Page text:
Long-term clinical outcomes of the utilization of Deep Brain Stimulation (DBS) in the treatment of refractory Obsessive-Compulsive Disorder (OCD): a systematic review.

Lorena Silva dos Reis1, Maria Clara Rêgo de Araújo1, Beatriz do Nascimento Garcia Moreno1, Blenda Antunes Cacique Curcino de Eça1, Daniel Fernandes Silva Marques1, Teresa Neves da Rocha Correia1.

1.Medicine students at Bahiana School of Medicine and Public Health, Salvador, Bahia, Brazil.

OBJECTIVE: To analyze the long-term clinical outcomes of Deep Brain Stimulation (DBS) in the treatment of refractory Obsessive-Compulsive Disorder (OCD) based on response verification (reduction in the Yale–Brown Obsessive Compulsive Scale score, or Y-BOCS, ≥ 35%) in the last follow-up of patients who underwent the procedure.

METHODS: The PRISMA protocol (Preferred Reporting Items for Systematic Reviews and Meta-Analyses) was used to guide a systematic review of the literature. In the PubMed database, the following search formula was applied: (((("long term effects") OR (late follow-up) OR (long-term outcomes) AND ("deep brain stimulation") AND ("obsessive compulsive disorder))))". Follow-up studies (of pre-existing clinical trials) published in the last 10 years and in English were included. Each patient’s data were reviewed, except for those with time until last follow-up inferior to 24 months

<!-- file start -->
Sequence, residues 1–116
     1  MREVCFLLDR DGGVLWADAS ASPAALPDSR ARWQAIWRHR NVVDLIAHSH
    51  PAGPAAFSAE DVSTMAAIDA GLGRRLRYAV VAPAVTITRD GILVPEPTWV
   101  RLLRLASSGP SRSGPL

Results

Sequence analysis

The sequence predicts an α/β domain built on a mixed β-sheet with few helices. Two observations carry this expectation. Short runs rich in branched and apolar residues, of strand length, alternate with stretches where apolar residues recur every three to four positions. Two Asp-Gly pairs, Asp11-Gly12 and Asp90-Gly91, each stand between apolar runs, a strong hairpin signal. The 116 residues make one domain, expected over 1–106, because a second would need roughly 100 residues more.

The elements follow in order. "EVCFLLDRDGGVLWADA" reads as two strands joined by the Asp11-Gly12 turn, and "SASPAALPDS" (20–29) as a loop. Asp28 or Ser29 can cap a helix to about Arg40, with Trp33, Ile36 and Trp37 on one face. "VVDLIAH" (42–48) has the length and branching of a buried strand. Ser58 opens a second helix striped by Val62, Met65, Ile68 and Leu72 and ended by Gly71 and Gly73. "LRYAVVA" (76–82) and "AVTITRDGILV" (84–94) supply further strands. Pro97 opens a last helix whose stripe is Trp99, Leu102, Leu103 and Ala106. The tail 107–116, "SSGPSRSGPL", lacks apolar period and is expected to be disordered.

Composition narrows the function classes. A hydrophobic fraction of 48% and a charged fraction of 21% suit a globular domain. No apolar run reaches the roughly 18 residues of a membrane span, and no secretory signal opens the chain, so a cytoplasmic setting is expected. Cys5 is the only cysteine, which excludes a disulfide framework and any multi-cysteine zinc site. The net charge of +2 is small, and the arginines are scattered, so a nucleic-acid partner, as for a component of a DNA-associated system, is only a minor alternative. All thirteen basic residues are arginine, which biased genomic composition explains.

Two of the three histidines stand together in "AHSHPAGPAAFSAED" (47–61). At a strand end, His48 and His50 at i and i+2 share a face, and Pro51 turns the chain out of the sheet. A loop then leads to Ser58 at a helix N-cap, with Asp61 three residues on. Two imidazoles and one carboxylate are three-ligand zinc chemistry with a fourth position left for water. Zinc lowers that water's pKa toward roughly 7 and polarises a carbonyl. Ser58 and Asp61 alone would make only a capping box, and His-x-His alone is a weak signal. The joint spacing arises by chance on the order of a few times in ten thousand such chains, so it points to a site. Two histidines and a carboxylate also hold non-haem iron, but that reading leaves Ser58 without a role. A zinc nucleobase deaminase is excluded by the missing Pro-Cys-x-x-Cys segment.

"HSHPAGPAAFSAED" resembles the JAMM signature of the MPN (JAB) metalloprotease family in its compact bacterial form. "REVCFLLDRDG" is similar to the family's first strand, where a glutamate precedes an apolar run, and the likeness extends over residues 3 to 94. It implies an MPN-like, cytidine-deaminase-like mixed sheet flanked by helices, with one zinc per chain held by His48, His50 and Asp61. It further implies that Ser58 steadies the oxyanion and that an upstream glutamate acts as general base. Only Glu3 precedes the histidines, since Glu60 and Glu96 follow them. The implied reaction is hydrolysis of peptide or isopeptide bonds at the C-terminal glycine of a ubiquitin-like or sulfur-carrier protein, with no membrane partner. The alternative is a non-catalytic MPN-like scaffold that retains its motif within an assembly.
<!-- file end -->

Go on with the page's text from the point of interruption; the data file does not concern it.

RESULTS: 27 articles were found, of which five met all the selection criteria. Of the 57 total patients, 51 had their data analyzed. The median time until last follow-up was 51 months (longest= 171 months; shortest= 24 months), with an interquartile range of 56. 67.5% of patients achieved response criterion. Of these, 47.2% reached remission of OCD (Y-BOCS score ≤ 12).

CONCLUSIONS: Due to the considerable percentage of positive outcomes, the treatment of OCD with DBS looks promising. However, an accurate interpretation of the results is hampered by the discrepancies in the follow-up times and the small number of participants (N). Future randomized-blind, multicentric and/or higher N trials are needed for the technique to have its long-term effectiveness firmly proven.

KEYWORDS: Obsessive-Compulsive Disorder; Deep Brain Stimulation; long term effects.

ACKNOWLEDGMENTS: None

FUNDING/FINANCIAL SUPPORT: None

DOI: https://doi.org/10.21801/ppcrj.2020.S1.16